‘Jojo Rabbit:’ A Satirical Take on the Dangers of Fanaticism

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Photo courtesy of Twentieth Century Fox.

A still from the film, "Jojo Rabbit."

Iris Tsouris, Editor

When I first saw the trailer of Jojo Rabbit, directed by Taika Waititi, pop up in my YouTube recommendations, I was equal parts amused and concerned. As a movie about Nazi Germany, albeit still marketed as a comedy, Jojo Rabbit looked like it had a high risk of going wrong, subject to the kitsch of other WWII satire. Yet over Thanksgiving break, when I actually got the chance to see the film, I found that this was not the case.

Here’s the gist: Jojo (Roman Griffin Davis) is a 10-year-old boy living in Nazi Germany. Enthralled by the prospect of joining the Hitler Youth (or, perhaps, by the prospect of fitting in), he devotes himself to a lifestyle of fanaticism, brainwashing and utmost faith in Adolf Hitler. This utmost faith manifests itself in the form of imaginary friendship: in an attempt to find guidance, Jojo conjures a version of Hitler (Taika Waititi) up in his mindone that is encouraging, sassy and playfulakin to his mother, Rosie (Scarlett Johansson). 

Unfortunately, even with imaginary-Hitler’s help, Jojo fails miserably at Hitler Youth Camp. When ordered to kill a rabbit as a display of strength, he cannot, earning the nickname of “Jojo Rabbit.” Jojo is too sensitive, too sweet to be a good Nazi, even if he is so deeply entrenched in the ideology. About 10 minutes into the movie, he is sent home after an accident with a grenade bomb, which leaves him with a limp and a scarred face. 

At home, Jojo and imaginary-Hitler devise a plan to make Jojo a better Nazi. But their plans are thwarted by Jojo’s motherkind-hearted, tough, the most charismatic character of the story, she stands in not-so-obvious opposition to the Nazi movement. And Scarlett Johansson totally blows this role out of the water; she portrays Rosie as such a genuinely good person and mother to Jojoyou can’t help being envious of their relationship. 

Yet when Jojo discovers that Rosie is housing Elsa (Thomasin McKenzie), a Jewish girl around 16-years-old, in the walls of their house, his blind fanaticism is directly challenged. Elsa, seeing the opportunity to capitalize on Jojo’s fear, tells him that Jews grow horns and sleep upside down, like bats. Later on, she is more earnest and tells him, “We’re like you, but human.” She is sharp and witty, and as time passes, the two form a close bond, despite imaginary-Hitler’s avail.

Waititi’s use of the imaginary friend storytelling device is genius. As Jojo becomes alienated with Nazism, imaginary-Hitler becomes less and less like Rosie, and more and more like real-Hitler. I won’t spoil anything, but I will say that as a PG-13 movie, Jojo Rabbit makes the best use out of its single allotted f-bomb. In addition to this, it showcases one of my all-time favorite movie tropes ever: the slow-motion explosion, juxtaposed with tranquil music in the background.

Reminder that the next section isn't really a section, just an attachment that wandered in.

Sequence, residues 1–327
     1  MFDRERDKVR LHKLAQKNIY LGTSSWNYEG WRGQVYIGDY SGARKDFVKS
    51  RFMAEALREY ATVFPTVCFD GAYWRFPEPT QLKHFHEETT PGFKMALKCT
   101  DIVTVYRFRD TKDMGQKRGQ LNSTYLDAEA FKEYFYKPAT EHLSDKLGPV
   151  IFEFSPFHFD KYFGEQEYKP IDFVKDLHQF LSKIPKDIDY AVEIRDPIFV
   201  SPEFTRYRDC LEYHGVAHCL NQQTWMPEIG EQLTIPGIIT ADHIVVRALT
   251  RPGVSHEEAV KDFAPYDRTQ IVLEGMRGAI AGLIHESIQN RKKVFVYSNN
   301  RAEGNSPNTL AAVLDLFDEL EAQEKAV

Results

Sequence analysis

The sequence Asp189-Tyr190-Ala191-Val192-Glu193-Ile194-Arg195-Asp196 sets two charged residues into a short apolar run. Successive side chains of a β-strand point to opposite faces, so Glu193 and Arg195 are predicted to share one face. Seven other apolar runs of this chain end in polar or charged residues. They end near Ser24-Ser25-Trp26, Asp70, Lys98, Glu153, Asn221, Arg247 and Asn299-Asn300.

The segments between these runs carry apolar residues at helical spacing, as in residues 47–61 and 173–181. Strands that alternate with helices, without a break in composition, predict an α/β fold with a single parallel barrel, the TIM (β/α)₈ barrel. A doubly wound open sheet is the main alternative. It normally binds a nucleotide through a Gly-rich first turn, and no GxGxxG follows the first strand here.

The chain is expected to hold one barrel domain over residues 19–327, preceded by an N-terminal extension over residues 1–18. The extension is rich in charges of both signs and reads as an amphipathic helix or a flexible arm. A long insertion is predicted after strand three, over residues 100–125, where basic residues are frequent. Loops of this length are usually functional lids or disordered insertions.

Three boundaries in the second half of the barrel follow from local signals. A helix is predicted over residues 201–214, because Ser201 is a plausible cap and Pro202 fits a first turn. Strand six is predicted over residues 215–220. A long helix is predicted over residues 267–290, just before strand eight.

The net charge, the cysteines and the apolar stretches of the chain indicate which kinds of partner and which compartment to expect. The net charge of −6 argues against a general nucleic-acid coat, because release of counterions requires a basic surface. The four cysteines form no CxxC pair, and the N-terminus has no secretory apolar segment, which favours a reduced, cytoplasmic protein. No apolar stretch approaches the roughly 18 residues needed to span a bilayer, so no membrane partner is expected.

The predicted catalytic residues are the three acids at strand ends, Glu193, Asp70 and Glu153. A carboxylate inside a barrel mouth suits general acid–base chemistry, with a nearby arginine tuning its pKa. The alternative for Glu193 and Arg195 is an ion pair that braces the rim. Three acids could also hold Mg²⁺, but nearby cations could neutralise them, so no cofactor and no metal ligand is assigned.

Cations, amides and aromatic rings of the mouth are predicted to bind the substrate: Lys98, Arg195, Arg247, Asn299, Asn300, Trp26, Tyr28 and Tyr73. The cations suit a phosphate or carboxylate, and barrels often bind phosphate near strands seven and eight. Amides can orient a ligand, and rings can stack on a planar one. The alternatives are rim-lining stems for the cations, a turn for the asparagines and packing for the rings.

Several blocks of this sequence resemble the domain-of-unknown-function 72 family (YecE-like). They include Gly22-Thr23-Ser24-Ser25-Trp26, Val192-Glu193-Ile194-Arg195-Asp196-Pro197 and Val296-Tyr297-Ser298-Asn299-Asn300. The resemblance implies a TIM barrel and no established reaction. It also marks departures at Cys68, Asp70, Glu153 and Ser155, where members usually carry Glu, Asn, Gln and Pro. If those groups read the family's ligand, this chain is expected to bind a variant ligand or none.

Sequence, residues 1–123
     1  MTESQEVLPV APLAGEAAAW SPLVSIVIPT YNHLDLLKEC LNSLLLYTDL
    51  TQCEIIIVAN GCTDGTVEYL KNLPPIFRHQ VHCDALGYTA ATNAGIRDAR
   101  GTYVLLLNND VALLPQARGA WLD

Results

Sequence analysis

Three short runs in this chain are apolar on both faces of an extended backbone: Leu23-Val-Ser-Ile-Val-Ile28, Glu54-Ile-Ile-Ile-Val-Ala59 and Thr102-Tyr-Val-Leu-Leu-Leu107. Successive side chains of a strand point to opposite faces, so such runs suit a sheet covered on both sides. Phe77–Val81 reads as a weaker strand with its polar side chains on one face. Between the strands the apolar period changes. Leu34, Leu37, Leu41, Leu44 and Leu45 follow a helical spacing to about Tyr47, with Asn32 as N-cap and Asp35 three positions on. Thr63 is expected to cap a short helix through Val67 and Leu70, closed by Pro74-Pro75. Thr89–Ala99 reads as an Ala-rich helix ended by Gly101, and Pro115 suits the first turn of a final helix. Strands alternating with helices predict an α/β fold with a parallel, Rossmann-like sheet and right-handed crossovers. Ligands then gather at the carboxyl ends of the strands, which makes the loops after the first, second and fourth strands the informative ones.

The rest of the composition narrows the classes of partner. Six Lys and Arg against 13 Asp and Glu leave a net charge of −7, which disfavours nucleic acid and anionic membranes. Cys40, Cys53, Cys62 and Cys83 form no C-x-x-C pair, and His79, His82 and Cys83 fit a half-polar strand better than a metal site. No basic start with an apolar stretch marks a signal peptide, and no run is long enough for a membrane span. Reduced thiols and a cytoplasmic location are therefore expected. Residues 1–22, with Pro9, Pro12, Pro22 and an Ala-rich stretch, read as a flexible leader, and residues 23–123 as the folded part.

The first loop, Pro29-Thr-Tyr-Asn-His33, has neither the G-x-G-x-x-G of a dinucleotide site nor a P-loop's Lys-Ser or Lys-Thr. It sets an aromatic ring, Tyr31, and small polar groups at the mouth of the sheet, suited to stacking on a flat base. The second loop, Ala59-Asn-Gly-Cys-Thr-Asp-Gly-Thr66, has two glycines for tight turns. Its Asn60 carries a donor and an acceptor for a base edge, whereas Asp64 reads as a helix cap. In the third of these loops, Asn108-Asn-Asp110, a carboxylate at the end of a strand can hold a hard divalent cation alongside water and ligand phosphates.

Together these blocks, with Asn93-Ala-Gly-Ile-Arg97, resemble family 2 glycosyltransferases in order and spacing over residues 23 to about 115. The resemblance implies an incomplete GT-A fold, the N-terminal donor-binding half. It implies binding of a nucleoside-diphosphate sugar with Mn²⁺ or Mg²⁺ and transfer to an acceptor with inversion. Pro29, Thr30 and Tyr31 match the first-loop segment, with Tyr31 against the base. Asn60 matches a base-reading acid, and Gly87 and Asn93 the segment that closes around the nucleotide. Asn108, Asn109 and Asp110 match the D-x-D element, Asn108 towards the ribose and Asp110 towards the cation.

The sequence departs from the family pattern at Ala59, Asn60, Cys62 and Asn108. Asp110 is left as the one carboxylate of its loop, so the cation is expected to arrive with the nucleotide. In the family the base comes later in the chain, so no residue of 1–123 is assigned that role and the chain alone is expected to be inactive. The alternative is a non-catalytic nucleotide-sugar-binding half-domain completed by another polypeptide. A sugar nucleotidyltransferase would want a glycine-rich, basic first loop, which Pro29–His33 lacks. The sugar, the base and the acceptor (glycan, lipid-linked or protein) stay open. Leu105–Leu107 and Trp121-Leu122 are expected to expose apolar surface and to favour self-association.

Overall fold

That being said, Jojo Rabbit is not without its flaws. While I was charmed by the Wes Anderson-y vibe of Jojo’s camp experience, I was slightly disappointed by the first quarter of the movie. This part is objectively the funniest, the most detached-from-reality that Jojo Rabbit ever isbut something about it falls short: it’s a little too self-aware of its own offensiveness, and thus tries to overcompensate by being more ridiculous, more over-the-top than beforelike an off-kilter SNL sketch, it’s gone a bit awry.

Instead, the story rises to its true potential when Jojo is met with real conflict (and inevitable heartbreak). Like Slaughterhouse-Five, Jojo Rabbit, while still a satire, is most impactful when tragica ‘sad-tire’, if you will. In fact, I think it works best as a dramedy, but needless to say, satire is still a vital part of its storytelling. 

There’s a big problem with more serious WWII films where Nazis are depicted as sinister, looming threats. Although they’re not intentionally glamorized, Neo-Nazis flock to these depictions, particularly because in these films, Nazis are powerful. The satire in Jojo Rabbit, while for comedic effect, is necessary because it rips the power away from Nazis through exposing the stupidity of their hatred. Hate, when made serious, is powerful. What better way to remove this power than mockery?

But what I love most about Jojo Rabbit is that it does not focus on ridiculing Nazis, or war, or even fascism as a whole; that would be pointless, overdonean over-exhausted subcategory of satire. Instead, Jojo Rabbit shows a quiet resistance to extremism: people doing “what they could” in dire, critical circumstance. It demonstrates how kindness can arise from unexpected places. Most of all, it depicts a young, impressionable boy’s escape from institutionalized fanaticism in a coming-of-age manner, making it applicable to today.  

And with that, I wholeheartedly recommend seeing Jojo Rabbit this holiday season. Not only did it make me laugh, it also left me feeling positively verklempt (okay, I shed a few tears). The best part is, while Jojo Rabbit may be the cutest movie about Nazis that you’ll ever see, it won’t be off-color or garishly edgy: it is undoubtedly successful in treading the fine line between showcasing the silliness and dangers of fanaticism.